(also thanx to all others)

i''ll take a fresh look at it tomorrow (i''m a bit sleepy now) together with my math teacher.
if we find any errors in your math, i''ll let you know.

see ya,
Yoshi

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Hi Thrump,

what does atan2 mean?
Is it arctan or something?
oh and the thing with reducing the problem to one plane (through missile and plane) is very good - x and y solving is much easier. but i''m wondering, are your equations for a missile that can turn while flying or not? Then it would be for a missile with lock, otherwise it is a rocket that''s flying in a straight line.

Thanx

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After I posted, I thought I should have explained it more. For understanding (and solving for T) replace atan2 with arctan. Arctan returns -PI/2 to PI/2 radians (or -90 to 90 degrees). So it only works for half the angles. atan2 is a C math function that returns the full -180 to 180 degrees.
Example:
arctan(1/1) = 45 degrees
arctan(-1/-1) = 45 degrees
You probably wanted -135 degrees, but -1/-1 = 1/1, so arctan is clueless to your intentions. You can write your own version, atan2 will just save you some time. Also, you have to code special cases for artan(1/0) and such. (your computer won''t like 1/0)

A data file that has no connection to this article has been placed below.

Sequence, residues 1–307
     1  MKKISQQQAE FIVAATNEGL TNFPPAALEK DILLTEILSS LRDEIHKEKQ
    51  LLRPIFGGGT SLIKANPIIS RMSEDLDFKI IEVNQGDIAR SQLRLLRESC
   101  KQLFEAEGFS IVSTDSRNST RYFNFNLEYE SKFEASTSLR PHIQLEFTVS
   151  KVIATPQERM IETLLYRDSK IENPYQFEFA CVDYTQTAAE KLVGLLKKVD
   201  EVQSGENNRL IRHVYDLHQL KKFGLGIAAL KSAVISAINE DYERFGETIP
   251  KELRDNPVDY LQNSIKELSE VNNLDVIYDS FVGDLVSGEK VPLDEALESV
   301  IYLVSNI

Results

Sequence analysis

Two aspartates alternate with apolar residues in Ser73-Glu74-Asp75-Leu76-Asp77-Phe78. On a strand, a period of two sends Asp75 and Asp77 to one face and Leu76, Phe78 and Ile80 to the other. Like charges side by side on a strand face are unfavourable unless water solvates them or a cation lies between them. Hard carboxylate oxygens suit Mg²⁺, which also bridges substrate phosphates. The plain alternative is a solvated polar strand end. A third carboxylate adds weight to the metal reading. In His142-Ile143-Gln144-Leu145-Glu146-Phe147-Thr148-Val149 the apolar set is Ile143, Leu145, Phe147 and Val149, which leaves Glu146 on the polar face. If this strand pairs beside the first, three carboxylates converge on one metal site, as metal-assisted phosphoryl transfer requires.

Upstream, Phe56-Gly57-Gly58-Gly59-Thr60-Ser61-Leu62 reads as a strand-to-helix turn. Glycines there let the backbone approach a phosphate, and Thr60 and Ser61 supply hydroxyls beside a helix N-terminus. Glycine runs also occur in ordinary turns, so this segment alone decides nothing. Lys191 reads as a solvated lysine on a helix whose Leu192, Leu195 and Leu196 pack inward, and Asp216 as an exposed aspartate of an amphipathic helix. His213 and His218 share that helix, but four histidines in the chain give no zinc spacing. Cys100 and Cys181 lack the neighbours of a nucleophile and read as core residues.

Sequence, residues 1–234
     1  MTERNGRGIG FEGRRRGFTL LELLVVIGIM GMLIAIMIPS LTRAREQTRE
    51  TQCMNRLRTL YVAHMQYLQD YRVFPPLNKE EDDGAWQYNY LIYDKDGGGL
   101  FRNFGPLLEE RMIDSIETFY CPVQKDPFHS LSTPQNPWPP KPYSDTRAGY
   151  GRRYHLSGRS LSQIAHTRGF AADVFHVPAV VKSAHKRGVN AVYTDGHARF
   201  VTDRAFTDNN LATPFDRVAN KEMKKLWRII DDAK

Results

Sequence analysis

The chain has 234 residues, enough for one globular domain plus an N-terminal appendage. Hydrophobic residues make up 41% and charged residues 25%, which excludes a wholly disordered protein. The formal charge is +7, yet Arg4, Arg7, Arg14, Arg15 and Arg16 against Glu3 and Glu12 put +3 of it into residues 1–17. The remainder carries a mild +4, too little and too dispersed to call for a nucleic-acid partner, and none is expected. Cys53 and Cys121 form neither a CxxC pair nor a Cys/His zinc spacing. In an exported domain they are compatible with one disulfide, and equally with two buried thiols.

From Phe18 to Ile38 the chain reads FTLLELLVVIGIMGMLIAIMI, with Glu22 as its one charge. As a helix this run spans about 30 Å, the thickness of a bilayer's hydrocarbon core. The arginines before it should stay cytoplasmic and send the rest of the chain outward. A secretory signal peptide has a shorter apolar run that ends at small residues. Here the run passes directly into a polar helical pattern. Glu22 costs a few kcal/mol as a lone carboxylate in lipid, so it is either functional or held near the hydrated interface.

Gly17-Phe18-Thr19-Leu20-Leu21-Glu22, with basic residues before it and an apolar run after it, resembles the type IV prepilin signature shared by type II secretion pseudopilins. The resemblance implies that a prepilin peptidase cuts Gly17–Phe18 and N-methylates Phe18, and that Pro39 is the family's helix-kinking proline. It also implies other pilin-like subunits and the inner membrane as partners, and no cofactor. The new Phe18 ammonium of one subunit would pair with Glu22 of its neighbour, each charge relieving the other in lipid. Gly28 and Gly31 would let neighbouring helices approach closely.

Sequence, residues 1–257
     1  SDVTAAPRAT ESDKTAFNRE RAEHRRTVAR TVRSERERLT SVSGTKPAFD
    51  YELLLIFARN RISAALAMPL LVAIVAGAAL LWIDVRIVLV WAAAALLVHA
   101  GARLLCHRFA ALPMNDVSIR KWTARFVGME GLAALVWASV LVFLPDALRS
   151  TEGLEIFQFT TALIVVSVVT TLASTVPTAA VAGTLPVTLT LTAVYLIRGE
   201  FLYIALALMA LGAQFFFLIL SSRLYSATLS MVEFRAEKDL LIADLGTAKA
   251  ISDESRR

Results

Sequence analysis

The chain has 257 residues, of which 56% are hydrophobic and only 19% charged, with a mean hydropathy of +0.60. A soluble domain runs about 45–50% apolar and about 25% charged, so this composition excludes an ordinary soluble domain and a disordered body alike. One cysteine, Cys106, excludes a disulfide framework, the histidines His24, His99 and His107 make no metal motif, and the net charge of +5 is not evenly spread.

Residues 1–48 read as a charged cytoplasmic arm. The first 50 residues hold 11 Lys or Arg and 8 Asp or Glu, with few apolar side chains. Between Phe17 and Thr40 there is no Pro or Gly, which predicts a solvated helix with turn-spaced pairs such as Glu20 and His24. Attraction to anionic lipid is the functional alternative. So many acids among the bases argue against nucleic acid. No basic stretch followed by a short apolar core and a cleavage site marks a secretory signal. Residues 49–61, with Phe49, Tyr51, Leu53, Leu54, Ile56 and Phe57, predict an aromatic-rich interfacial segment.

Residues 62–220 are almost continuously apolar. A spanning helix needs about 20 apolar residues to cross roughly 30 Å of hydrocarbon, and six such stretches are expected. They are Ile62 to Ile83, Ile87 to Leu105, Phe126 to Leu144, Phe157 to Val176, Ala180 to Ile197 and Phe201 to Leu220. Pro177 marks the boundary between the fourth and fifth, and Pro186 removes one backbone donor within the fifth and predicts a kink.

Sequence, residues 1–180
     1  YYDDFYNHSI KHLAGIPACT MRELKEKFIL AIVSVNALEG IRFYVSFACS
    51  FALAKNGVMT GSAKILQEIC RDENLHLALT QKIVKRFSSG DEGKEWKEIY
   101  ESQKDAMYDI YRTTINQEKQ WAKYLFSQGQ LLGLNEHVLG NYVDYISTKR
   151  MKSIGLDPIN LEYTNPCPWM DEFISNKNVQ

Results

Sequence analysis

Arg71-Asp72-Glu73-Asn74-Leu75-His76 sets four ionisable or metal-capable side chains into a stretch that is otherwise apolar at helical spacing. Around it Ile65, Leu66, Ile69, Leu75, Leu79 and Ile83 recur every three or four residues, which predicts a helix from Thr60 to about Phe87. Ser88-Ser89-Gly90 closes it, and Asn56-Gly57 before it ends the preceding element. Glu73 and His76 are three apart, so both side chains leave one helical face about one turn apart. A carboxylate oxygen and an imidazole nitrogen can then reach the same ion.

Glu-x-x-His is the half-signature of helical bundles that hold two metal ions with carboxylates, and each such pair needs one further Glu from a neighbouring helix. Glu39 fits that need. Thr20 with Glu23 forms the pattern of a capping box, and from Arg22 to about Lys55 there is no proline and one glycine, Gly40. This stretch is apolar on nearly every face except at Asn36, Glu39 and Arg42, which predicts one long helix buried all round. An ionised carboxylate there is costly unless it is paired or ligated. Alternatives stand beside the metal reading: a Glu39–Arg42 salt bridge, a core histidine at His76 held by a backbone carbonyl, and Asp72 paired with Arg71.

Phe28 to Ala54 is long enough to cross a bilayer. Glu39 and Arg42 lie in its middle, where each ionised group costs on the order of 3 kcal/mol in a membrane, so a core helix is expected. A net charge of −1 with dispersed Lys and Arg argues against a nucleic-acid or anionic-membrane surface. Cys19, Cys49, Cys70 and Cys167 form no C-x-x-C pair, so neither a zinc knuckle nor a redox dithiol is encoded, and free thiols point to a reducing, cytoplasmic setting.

Note: the math.h math functions return radians, not degrees.

My curved line does not plot the path of an individual missile. It plots the max a missile can travel for certain times and angles (ie different shots). All singular trips though are straight. I''m not sure if I can explain it any better than the first time.

Picture your cannon just did a perfect shot, and the enemy plane is going down in flames. The cannon is pointed at the point of intercept, right? (ie, if the plane got hit at (10, 10), the cannon would be pointed in that direction, because the missile hit and travelled in a straight line). What my equation does is assume for every moment in time, it was a hit, so the cannon was pointed at the plane''s current position (or at least it was during the shot). So, we point the cannon at the plane at time 1 and see how far the shot went. 1 unit. If the plane is farther than that at time 1, then it was a miss. So we go on to 2, closer this time, but still a miss. Assume time = 3 is a hit. Angle is now 18 degrees. This is the angle you would have had to shoot at. What the equation does is plot all the distances for the infinitely many times (0.1s, 0.1001s, etc.). Can you see that when this curve crosses the flight path of the plane, that it is a hit?

Because:
1)Missile is in planes flight path
2)Missile was origally fired at the angle where plane will be in the future

If anybody else can explain this better (or has a simpler solution), please speak up. If you still don''t understand what the curved line represents, I''ll try and clarify.